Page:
Poverty is a well-worn term. It is also, especially in the United States, seen to be a personal failing, a disgrace, a matter of shame. Poverty knowledge has thus often been tinged with the shadow of stigma, be it the efforts to wrestle with a so-called “culture of poverty” or in vocabulary such as “the underclass” or “ghetto.” Indeed, the intellectual history of poverty studies does not bode well for a defense of poverty as a critical concept to be mobilized in the efforts to repoliticize inequality. Yet, this is my intention. With this in mind, I pinpoint three elements of what can be tentatively called “critical poverty studies,” a field of inquiry that I believe is in the making in various corners of the social sciences.

The active relations of impoverishment

A welcome aspect of the widespread discussion of inequality in the United States is the simple and yet powerful mantra that there is nothing natural or inevitable about current patterns of inequality. Be it Joseph Stiglitz or Robert Reich, Emmanuel Saez or Paul Krugman, the consensus is unwavering: policy, for example systems of taxation, has produced inequality, often by allowing the hyper-rich to hoard and guard their wealth. Such stockpiling of prosperity contrasts with a generalized condition of precarity; one in which the American middle class lies in ruins, burdened by debt and stripped of key assets such as homeownership. This is the power of the trope of inequality. It identifies a common condition to which most of us belong; it names an indefensible hierarchy within which we all chafe. This, of course, is the rallying cry of Occupy Wall Street: we are the 99%.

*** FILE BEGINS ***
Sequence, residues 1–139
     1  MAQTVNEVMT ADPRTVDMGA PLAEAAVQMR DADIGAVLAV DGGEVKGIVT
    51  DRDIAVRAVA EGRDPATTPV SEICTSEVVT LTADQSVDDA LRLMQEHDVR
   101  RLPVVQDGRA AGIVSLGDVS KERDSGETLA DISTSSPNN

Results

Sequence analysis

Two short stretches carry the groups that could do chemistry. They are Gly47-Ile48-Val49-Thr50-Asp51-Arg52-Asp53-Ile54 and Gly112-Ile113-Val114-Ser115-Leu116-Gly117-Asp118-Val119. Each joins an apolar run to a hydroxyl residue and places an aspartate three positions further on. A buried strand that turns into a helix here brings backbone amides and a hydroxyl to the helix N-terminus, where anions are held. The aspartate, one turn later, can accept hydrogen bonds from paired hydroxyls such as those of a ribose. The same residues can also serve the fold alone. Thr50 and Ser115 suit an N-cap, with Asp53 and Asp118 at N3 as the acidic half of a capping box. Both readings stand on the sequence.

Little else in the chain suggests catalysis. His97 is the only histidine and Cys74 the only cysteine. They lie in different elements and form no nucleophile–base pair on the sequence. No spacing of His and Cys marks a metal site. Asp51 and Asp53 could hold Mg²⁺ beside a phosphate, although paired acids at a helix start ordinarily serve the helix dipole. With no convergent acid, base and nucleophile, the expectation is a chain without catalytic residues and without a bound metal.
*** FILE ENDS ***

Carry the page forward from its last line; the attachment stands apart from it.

My argument in defense of poverty is straightforward: we are not all equal in the experience of inequality. We are not all equally impoverished. We are not all equally indebted. We are not all equally precarious. The poor are uniquely so.

I recently participated in a simulation of the social services system organized by various nonprofit organizations in Los Angeles. This was not, as the organizers noted, a simulation of poverty, for that is simply not possible. It was a glimpse of the public assistance bureaucracy that the poor must navigate in order to survive. Despite being fluent in sophisticated understandings of poverty and inequality, the participants, mainly middle-class social justice professionals, were thoroughly disoriented by the sheer dehumanization wrought by the experience. Shunted from office to office, in search of basic paperwork, trying to meet convoluted criteria of eligibility, we the privileged experienced, for a brief moment, what it is like to be undeserving. We were reminded that we are not poor and that we barely understand the lived condition of poverty.